As I Walked Out One Midsummer Morning

As I Walked Out One Midsummer Morning (1969) is a memoir by Laurie Lee, a British poet. It is a sequel to Cider with Rosie which detailed his life in post First World War Gloucestershire. The author leaves the security of his Cotswold village in Gloucestershire to start a new life, at the same time embarking on an epic journey by foot.

It is 1934, and as a young man Lee walks to London from his Cotswolds home. He is to live by playing the violin and by labouring on a London building site. When this work draws to a finish, and having picked up the phrase in Spanish for 'Will you please give me a glass of water?', he decides to go to Spain. He scrapes together a living by playing his violin outside the street cafés, and sleeps at night in his blanket under an open sky or in cheap, rough posadas. For a year he tramps through Spain, from Vigo in the north to the south coast, where he is trapped by the outbreak of the Spanish Civil War.

Experiencing a Spain ranging from the utterly squalid to the utterly beautiful, Lee creates a story which evocatively captures the spirit and atmosphere of the towns and countryside he passes through in his own distinctive semi-poetic style. He is warmly welcomed by the Spaniards he meets and enjoys a generous hospitality even from the poorest villagers he encounters along the way.

As I Walked Out One Midsummer Morning
First edition (UK)
AuthorLaurie Lee
IllustratorLeonard Rosoman
Cover artistShirley Thompson
PublisherAndré Deutsch (UK)
Atheneum Publishers (US)
David R. Godine, Publisher (US)
Publication date
914.6/0481 19
LC ClassPR6023.E285 Z463 1985
Preceded byCider with Rosie 
Followed byA Moment of War 


In 1934 Laurie Lee leaves his home in Gloucestershire for London. He visits Southampton and it is here that he first tries his luck at playing his violin in the streets. His apprenticeship proves profitable and he decides to move eastwards. Lee makes his way along the south coast and then turns inland and heads north for London. He meets up with his American girlfriend, Cleo, who is the daughter of an American anarchist.

Cleo's father finds him a job as a labourer and he is able to rent a room. However, he has to move on as his room is taken over by a prostitute. He lives in London for almost a year as part of a gang of wheelbarrow pushers. Once the building nears completion, he knows that his time is up and decides to go to Spain because he knows the phrase in Spanish for "Will you please give me a glass of water?".

He lands in Galicia in July 1935. Joining up with a group of three young German musicians, he accompanies them around Vigo and then they split up outside Zamora. By August 1935 Lee reaches Toledo, where he has a meeting with the South African poet Roy Campbell and his family, whom he comes across while playing his violin. They invite him to stay in their house.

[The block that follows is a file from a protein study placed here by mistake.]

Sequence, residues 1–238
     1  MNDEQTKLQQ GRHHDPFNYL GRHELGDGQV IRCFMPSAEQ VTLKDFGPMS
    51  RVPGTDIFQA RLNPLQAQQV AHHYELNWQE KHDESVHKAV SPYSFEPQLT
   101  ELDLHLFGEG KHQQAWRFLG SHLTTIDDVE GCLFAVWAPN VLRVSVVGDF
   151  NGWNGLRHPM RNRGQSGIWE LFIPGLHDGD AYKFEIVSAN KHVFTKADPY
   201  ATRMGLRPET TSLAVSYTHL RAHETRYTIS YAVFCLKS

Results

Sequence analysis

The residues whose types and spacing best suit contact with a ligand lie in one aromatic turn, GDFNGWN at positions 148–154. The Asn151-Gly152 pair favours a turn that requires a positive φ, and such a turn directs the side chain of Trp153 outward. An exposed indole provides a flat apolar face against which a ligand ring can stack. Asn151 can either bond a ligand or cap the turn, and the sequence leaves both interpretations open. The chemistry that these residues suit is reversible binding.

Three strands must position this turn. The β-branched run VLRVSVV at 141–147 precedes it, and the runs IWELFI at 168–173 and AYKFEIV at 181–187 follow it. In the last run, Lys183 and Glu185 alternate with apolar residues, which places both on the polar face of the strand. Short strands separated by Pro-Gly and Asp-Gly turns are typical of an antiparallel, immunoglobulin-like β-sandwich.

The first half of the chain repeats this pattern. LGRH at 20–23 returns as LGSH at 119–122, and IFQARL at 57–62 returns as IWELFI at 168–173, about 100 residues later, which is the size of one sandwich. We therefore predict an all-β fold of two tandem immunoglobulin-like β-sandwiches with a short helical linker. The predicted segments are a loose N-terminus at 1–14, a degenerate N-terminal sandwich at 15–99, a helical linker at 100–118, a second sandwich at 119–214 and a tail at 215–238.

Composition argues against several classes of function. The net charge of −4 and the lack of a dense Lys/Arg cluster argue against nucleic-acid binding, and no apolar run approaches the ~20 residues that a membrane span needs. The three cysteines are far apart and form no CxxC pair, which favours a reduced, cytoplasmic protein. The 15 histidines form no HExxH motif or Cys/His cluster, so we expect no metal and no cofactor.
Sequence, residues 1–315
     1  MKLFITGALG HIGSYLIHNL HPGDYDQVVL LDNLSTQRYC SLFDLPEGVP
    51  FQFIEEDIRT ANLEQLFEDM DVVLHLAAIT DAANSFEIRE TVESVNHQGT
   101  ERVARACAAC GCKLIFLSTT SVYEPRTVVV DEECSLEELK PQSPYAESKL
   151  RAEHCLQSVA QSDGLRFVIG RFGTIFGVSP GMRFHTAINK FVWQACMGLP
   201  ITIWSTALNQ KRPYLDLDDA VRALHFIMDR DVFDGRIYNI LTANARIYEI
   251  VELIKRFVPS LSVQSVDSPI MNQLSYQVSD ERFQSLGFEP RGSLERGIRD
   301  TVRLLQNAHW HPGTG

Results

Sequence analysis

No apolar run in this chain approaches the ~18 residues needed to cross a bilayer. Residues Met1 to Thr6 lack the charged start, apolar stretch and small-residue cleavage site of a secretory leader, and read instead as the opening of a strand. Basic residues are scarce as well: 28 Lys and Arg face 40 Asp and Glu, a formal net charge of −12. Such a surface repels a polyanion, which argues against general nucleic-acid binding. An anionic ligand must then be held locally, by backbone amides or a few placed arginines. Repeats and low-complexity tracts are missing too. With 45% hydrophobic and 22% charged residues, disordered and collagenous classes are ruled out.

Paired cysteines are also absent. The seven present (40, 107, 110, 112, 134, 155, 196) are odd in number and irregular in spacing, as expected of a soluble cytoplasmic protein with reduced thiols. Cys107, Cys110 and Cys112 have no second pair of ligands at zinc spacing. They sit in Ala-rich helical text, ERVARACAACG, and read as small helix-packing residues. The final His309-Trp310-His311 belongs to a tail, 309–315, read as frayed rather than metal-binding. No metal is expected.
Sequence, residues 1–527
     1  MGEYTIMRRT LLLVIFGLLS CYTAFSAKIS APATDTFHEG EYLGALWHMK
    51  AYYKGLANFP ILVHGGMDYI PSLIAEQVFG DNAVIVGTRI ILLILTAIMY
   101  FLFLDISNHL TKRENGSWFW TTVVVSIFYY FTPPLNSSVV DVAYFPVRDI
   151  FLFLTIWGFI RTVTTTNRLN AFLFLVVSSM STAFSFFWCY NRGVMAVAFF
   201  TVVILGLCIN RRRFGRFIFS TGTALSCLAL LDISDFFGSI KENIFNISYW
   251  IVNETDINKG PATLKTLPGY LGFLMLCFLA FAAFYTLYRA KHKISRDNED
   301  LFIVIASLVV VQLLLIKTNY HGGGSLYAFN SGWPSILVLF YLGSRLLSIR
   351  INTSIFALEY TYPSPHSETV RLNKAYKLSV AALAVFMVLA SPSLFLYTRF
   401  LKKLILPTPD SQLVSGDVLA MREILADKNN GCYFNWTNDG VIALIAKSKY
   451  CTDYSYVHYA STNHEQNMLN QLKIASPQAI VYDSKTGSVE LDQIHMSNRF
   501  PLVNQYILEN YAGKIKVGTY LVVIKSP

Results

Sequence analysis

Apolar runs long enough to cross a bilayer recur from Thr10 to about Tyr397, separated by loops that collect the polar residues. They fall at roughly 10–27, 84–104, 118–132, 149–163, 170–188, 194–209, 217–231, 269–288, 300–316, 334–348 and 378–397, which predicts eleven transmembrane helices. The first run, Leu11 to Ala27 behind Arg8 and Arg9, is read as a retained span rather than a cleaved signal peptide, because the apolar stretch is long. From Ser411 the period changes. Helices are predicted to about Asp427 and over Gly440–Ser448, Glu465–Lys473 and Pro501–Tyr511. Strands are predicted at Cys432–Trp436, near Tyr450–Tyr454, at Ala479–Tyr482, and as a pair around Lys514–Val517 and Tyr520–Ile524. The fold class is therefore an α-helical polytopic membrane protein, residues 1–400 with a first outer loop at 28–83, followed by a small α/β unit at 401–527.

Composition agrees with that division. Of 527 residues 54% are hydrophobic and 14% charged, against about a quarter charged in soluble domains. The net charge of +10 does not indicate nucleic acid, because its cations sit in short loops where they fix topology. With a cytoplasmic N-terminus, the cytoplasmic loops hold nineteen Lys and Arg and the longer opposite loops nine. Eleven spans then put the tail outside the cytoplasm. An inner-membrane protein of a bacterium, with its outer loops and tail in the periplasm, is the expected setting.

By the end of September Lee reaches the sea. Then he comes to the Sierra Morena mountains. He decides to turn west and follow the Guadalquivir, adding several months to his journey, and taking him to the sea in a roundabout way. Lee turns eastwards, heading along the bare coastal shelf of Andalusia. He hears talk of war in Abyssinia. He arrives at Tarifa, making another stop over in Algeciras.

He decides to stick to his plan to follow the coast round Spain, and sets off for Málaga, stopping in Gibraltar. During his last days in Malaga his violin breaks. After his new line of work, acting as a guide to British tourists, is curtailed by local guides, he is fortunate to meet a young German who gives him a violin.

In the winter of 1935 Lee decides to stay in Almuñécar. He manages to get work in a hotel. Lee and his friend Manolo, the hotel's waiter, drink in the local bar alongside the other villagers. Manolo is the leader of a group of fishermen and labourers and they discuss the expected revolution.

In February the Socialists win the election and a Popular Front begins. In the spring, the villagers, in an act of revolt, burn down the church but then change their minds. In the middle of May, there is a strike and the peasants come in from the countryside to lend their support as the village splits between 'Fascists' and 'Communists'.

In the middle of July 1936 war breaks out. Manolo helps organise a militia. Granada is held by the rebels, and so is Almuñécar's neighbour Altofaro. A British destroyer from Gibraltar arrives to pick up any British subjects who might be marooned on the coast and Lee is taken on board.

The epilogue describes Lee's return to his family home in Gloucestershire and his desire to help his comrades in Spain. He finally manages to make his way through France and crosses the Pyrenees into Spain.


An insight into the origin of the title of the book is found in the second episode the BBC Four documentary series Travellers' Century presented by Benedict Allen. In the episode, which looks at As I Walked Out..., a friend of Lee reveals that the title of the book comes from a Gloucestershire folk song. The traditional song "The Banks of Sweet Primroses" starts with the line 'As I walked out one mid-summer morning'.[1]